Visit the Royal Crematorium


Thu 2 November - Sun 31 December 2017

How to get there

  • Traveling by river: Chao Phraya Tourist Boat to Tha Maharaj Pier Chao Phraya Express Boat to Tha Chang
  • Bangkok Mass Transit Authority (BMTA) buses will be available free of charge from 06.00am to 11.00pm. Victory Monument – Sanam Luang MRT Hua Lamphong – Sanam Luang Rattanakosin Island area – Sanam Luang Ekamai – Sanam Luang Southern Bus Terminal (Sai Tai Mai) – Sanam Luang Mo Chit – Sanam Luang

How to visit the Royal Crematorium

By Richard Barrow

Updated: 1st December 2017 – exhibition will open until the end of 2017

Referred to as Phra Merumas (Golden Crematorium), the Royal Crematorium is where the Royal Urn is placed on the pyre (Phra Chittakathan) for the cremation. Traditionally, it was built as a temporary construction in the middle of the city for cremating a deceased king or queen, or high-ranking royal, and is recorded for the first time in the Ayutthaya period.

The Royal Crematorium for His Majesty the late King Bhumibol Adulyadej will be open for viewing by the general public from 2nd to 30th November 2017. Her Royal Highness Princess Maha Chakri Sirindhorn will preside over the opening ceremony. There will also be an exhibition about His Majesty. Not many details have been released yet, but I will update below as and when information comes in.

  • The exhibition will open daily from 2-31 November 2017 until 31 December from 6.00 a.m. until 10.00 p.m.
  • The public will be able to view the Royal Crematorium and supplementary structures and learn more about arts and culture regarding this ancient ceremony.
  • You cannot climb up the steps to the top of the crematorium.
  • You are allowed to use big DSLR cameras and take videos. Long lenses are allowed.
  • You are not allowed to do selfies and Facebook Live.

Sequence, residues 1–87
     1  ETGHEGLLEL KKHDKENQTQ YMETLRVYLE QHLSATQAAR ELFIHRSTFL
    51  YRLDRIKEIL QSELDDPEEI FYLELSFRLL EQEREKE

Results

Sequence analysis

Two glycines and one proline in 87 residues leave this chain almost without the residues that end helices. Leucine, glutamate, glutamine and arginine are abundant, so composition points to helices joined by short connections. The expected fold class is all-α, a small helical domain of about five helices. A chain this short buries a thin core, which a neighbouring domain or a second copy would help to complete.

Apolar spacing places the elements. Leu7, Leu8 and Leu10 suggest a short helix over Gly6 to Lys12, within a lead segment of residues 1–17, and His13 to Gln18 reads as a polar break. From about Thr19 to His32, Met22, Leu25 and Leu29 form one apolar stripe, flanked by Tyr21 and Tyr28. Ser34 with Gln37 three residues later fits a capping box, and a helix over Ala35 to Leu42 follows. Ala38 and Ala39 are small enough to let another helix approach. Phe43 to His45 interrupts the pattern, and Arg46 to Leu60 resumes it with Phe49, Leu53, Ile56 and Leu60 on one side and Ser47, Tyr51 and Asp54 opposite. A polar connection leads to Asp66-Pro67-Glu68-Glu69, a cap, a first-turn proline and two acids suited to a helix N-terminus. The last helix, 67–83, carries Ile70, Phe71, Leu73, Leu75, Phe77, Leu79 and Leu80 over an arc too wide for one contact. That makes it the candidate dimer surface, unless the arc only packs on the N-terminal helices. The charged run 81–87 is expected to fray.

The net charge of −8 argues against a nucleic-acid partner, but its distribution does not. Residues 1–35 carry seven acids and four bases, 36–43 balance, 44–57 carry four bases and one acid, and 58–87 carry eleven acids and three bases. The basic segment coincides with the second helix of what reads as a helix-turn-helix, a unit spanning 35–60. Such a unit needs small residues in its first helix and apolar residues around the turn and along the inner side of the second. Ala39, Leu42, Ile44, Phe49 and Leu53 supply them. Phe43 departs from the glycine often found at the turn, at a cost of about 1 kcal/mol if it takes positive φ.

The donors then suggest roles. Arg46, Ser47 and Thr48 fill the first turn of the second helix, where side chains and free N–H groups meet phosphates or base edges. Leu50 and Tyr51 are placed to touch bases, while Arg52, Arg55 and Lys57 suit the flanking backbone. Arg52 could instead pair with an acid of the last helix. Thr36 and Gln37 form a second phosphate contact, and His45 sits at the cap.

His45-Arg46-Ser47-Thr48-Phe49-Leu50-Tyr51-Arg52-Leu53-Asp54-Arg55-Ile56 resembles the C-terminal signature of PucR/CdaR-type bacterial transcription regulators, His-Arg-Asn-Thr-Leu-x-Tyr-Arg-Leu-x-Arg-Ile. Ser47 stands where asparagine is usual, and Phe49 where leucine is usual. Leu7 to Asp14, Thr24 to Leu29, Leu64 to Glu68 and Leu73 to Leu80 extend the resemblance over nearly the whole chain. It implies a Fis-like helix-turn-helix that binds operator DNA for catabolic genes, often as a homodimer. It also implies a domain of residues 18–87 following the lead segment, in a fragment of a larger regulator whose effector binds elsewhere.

• The exhibition is free and open to everyone
  • Dress code is the same as for the Grand Palace. No shorts, singlets or sandals. No need to wear mourning clothes, but muted colors might be appreciated.
  • Shoes are not that strict.
  • Bring a photo ID such as a passport. They may not ask to see it, but this may change.
  • A total of 5,500 people will be allowed to visit the royal crematorium per round
  • Each round lasts for exactly one hour
  • You are given a coloured visitor’s badge and so they can see which round you are in. But they are not strict if you are too slow.
  • A bell will sound five minutes before the end of each round. It will be in Thai.
  • 104,000 people will be allowed to visit the crematorium each day
  • In one day, the quota is 500 monks, 500 disabled people, 8,000 foreigners, 15,000 students and 80,000 general Thai public The news that there would be quotas per day isn’t true. There have been no signs of counting.
  • There will be tents provided for people to sit and wait for their turn
  • There will be five entrances to the site; three for the general Thai public, one for foreign visitors and one for persons with disabilities, monks, and elderly persons. However, a recent visit had Thais and foreigners in the same queue.
  • The gate for the foreigners is in the Southeast end of Sanam Luang near the Ministry of Defence (TBC). Everyone enters at the Northeast corner near the Royal Hotel.
  • Officials will be on site to provide guidance and assistance to the general public, persons with disabilities, elderly persons, monks, and foreign visitors. However, all announcements are in Thai.
  • It is possible that they might extend the exhibition, but that is not guaranteed
  • After the exhibition, the Royal Crematorium and other components will be completely dismantled.

Our thanks and appreciation to Richard Barrows for sharing this very useful and timely information. You can read more of Richard’s blogs here: http://www.thaitravelblogs.com/

Drone photo of the Royal Crematorium by Sakka Assadodorn www.facebook.com/sakka.assadodorn



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